Serum Albumin Level and Short-Term Outcome Following Stroke in Hospital Admitted Patients
Albumin is a non-glycosylated plasma protein synthesized primarily in the liver. It is a protein involved in the transport of small molecules in the blood and plays a key role in restricting fluid leakage from the vasculature into the tissue. Elevated level of serum albumin is related to haemoconcentration and reduced level is associated with malnutrition and chronic inflammatory diseases representing a negative acute phase protein. This cross sectional study was done to determine the association between admission serum albumin levels and short-term outcome following acute stroke. Consecutive first-ever acute stroke patients were enrolled between January 2016 and December 2016 at DMCH. On admission serum albumin were measured. Patients were then followed up for 10 days and outcome measure at the end of the study were 10- day mortality. Relationship between serum albumin and stroke outcome was determined. A total of 100 stroke cases were thus included in the study comprising 66 males and 34 females. The mean age of patients was 69.2±12.2 years. Of total, 74% patients were of ischemic stroke and 26% were of hemorrhagic stroke. Among them 22 patients expired in the hospitalization period within 10 days and remaining 78 patients were discharged. The mean serum level of albumin was 2.90±0.57 g/dl in the expired group and 3.79±0.51 g/dl in the discharged group. It may be concluded that low admission serum albumin may be significantly associated with poor outcome.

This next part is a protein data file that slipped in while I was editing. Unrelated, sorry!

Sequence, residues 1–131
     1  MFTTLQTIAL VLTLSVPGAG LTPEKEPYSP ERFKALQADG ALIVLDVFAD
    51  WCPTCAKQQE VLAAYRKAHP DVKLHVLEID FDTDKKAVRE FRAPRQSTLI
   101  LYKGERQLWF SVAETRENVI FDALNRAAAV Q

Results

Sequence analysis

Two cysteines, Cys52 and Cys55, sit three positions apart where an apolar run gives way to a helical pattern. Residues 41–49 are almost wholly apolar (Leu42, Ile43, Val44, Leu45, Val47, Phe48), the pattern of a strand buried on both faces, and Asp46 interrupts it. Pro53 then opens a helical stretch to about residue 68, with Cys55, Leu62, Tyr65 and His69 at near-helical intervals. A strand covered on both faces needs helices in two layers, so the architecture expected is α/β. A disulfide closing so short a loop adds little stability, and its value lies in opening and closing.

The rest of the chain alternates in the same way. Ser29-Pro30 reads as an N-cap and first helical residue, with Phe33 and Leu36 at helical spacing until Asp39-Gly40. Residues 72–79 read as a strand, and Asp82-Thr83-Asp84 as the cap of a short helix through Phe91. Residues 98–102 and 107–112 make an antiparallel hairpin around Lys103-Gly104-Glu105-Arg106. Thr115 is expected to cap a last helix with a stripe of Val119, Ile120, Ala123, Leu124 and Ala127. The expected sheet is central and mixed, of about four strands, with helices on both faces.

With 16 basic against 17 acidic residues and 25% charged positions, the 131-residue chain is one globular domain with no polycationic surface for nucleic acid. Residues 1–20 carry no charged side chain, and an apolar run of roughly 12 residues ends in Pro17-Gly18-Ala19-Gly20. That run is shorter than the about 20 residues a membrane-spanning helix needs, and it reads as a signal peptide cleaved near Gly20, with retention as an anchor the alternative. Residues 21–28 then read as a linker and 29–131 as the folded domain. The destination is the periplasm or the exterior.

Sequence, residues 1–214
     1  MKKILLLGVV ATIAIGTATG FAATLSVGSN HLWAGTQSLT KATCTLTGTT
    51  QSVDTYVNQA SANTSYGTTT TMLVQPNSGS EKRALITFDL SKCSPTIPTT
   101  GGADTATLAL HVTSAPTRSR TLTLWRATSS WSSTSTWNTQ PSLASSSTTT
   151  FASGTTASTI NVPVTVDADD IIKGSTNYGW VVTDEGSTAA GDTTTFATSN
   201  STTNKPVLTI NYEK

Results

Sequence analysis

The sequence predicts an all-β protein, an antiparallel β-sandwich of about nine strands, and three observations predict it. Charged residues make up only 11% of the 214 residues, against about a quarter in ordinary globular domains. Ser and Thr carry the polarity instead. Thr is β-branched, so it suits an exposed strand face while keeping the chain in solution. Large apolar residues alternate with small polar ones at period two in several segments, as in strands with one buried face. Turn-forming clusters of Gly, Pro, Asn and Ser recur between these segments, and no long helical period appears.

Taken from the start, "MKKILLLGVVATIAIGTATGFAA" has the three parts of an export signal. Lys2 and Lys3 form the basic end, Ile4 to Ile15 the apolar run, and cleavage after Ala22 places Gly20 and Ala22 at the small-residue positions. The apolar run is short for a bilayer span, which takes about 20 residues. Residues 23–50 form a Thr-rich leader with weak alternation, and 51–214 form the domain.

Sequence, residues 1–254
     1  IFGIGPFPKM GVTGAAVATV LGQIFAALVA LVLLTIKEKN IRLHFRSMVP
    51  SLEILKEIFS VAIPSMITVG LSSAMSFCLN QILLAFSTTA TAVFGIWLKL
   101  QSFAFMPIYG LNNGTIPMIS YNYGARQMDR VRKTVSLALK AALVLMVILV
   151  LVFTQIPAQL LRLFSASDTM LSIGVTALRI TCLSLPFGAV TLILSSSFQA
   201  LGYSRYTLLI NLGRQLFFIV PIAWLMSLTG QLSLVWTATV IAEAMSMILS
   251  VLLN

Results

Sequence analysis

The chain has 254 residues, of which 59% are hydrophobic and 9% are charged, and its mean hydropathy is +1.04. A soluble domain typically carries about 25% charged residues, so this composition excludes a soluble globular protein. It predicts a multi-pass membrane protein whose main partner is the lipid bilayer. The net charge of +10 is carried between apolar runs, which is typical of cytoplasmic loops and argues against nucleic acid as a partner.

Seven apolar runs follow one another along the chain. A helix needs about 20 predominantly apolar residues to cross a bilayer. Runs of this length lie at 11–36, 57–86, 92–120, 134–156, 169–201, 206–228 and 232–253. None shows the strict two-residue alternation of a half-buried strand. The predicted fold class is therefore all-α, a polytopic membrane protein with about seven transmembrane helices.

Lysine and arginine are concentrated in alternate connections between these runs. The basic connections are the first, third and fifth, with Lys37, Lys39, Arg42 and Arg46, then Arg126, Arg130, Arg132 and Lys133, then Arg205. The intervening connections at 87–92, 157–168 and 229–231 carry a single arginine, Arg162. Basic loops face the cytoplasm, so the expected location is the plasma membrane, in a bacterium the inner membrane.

Bangladesh J Med Biochem 2016; 9(1): 27-30